Showing posts with label selection. Show all posts
Showing posts with label selection. Show all posts

Selecting the Proper Flow Meter: Other Considerations

You Get What You Pay For

Engineers and maintenance personnel who purchase flow meters should remember that accurate instruments cost more based on their features and capabilities. It is always better to search for the type of flow meter best suited to a specific application before sacrificing features in favor of lower cost.

Flow meter specifiers should also take the time to examine long-term ownership costs. It may turn out that flow meters with low purchase prices may be very expensive to maintain. On the other hand, a flow meter with a high purchase price may require little or no service, and therefore lower cost of ownership over time. Lower purchase prices do not always represent the best long term, installed value.

Know Your Process

Users need to closely evaluate their overall process conditions, which include flow rates, pressure and temperature, and operating ranges. Be cautious of lower priced alternatives whose operating parameters don't fully support the requirements of the application.

All flow meters are affected to some extent by the process media and the way they are installed. As a result, their real-time performance will often be different from the controlled reference conditions under which they calibrated. There are some general rules that can be applied to flow meters to assist in reducing uncertainty:
  • For the lowest uncertainty of measurement, positive displacement meters are generally the best option. 
  • Electromagnetic meters provide for the widest flow range and turbine meters are usually the best choice for the highest short-term repeatability.
  • Despite their high initial cost, Coriolis meters are ideal for measuring particularly viscous substances and anywhere that the measurement of mass rather than volume is required.
General Selection Concepts:
  • In general, flow meters with few or no moving parts require less time and attention than more complex flow meters. 
  • Meters constructed with multiple moving parts may malfunction because of dirt, grit or grime present in the process fluid.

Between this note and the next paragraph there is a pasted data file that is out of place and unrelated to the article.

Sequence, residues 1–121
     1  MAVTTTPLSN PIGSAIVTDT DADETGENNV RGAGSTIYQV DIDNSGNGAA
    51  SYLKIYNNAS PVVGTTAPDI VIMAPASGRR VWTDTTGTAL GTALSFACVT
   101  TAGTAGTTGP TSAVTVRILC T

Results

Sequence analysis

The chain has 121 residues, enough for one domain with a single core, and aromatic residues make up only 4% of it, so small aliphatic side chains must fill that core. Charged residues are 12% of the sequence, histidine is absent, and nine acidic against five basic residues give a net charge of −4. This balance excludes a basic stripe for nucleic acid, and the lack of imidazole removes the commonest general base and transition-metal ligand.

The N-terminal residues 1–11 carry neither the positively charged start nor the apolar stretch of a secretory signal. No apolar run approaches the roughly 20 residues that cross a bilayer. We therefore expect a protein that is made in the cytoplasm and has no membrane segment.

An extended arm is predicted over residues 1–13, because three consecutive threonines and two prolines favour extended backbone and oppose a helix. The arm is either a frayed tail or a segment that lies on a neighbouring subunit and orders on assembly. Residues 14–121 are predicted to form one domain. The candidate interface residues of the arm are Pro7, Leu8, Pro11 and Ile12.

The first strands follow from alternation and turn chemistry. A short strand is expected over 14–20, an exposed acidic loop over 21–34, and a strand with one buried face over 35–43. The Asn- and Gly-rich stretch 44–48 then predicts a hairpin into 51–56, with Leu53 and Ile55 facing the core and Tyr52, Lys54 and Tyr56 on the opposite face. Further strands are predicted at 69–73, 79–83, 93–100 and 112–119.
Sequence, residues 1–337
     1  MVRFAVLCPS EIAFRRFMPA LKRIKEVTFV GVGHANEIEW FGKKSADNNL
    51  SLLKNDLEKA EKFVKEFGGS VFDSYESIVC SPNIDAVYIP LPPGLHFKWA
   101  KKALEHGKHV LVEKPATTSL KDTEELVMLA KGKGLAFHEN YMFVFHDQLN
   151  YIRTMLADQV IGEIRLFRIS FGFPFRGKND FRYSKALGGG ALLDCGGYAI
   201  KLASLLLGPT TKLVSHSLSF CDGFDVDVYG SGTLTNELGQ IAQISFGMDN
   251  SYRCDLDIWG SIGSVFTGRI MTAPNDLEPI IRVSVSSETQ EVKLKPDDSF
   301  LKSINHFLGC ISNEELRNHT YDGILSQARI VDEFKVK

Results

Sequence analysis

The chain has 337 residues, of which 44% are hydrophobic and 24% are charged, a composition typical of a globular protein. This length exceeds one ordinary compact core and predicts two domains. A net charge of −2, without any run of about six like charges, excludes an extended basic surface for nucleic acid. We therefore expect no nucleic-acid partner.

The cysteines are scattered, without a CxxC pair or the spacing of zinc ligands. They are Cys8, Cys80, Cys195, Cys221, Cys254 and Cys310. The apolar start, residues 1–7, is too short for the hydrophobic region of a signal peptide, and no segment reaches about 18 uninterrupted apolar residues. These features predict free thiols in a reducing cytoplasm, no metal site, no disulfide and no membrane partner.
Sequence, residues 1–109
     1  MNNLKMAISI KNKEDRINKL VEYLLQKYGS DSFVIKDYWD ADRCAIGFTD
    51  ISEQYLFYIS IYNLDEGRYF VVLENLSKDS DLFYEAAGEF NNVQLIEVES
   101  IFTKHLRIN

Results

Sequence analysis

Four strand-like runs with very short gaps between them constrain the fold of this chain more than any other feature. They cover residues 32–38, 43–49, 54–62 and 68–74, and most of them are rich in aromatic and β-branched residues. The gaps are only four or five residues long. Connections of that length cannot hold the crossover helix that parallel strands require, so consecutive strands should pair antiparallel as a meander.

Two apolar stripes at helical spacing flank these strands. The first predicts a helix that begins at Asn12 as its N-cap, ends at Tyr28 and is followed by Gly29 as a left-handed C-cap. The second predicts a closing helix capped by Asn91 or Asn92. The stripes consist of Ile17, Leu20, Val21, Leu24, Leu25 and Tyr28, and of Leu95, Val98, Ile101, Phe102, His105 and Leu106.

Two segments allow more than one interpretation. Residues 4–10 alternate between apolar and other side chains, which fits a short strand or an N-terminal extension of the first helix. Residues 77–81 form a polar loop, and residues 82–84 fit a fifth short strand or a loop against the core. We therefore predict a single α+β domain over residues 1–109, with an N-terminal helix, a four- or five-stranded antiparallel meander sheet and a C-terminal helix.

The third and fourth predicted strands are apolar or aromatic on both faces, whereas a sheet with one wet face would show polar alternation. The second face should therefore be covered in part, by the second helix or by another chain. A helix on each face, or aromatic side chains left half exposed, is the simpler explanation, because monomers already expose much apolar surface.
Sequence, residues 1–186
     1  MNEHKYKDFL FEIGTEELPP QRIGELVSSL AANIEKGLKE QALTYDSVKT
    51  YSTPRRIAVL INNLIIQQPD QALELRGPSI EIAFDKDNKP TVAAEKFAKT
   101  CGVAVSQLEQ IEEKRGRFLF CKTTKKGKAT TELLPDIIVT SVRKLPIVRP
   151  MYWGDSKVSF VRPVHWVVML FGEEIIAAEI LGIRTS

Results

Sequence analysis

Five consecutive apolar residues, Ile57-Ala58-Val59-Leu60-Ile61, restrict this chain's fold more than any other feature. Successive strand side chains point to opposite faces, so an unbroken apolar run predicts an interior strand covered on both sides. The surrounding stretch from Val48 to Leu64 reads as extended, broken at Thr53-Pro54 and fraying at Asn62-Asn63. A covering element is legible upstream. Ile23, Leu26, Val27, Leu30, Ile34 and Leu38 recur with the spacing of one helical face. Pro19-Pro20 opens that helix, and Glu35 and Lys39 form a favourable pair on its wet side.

• Flow meters with impulse lines can also plug or corrode.
  • Flow meters with flow dividers and pipe bends sometimes suffer from abrasive media wear and blockages.
  • Swings in ambient temperature may affect the internal dimensions of the flow meter and could require temperature compensation.
Calibration/Recalibration

The need for recalibration of flow meters is generally a function of how well the instrument is paired to its particular application. Should the application be critical, the flow meter accuracy should be checked at frequent, regular intervals. In some instances, mostly non-critical applications, recalibration may not be necessary for a period of years, becuase the application operating parameters never change.

Keep in mind though, that no matter what flow meter technology is chosen, overall system accuracy can never exceed the accuracy of the equipment used to perform the flow meter calibration. With that said, the most precise flow calibration systems on the market employ a positive displacement design. This type of calibrator, directly traceable to the National Institute of Standards and Technology (NIST) via water draw validation, provides total accuracy of at least 0.05 percent.

For more information on flow meter selection, installation, calibration, service, and replacement contact Thompson Equipment Company (TECO). Call them at 800-528-8997 or visit their web site at https://teco-inc.com.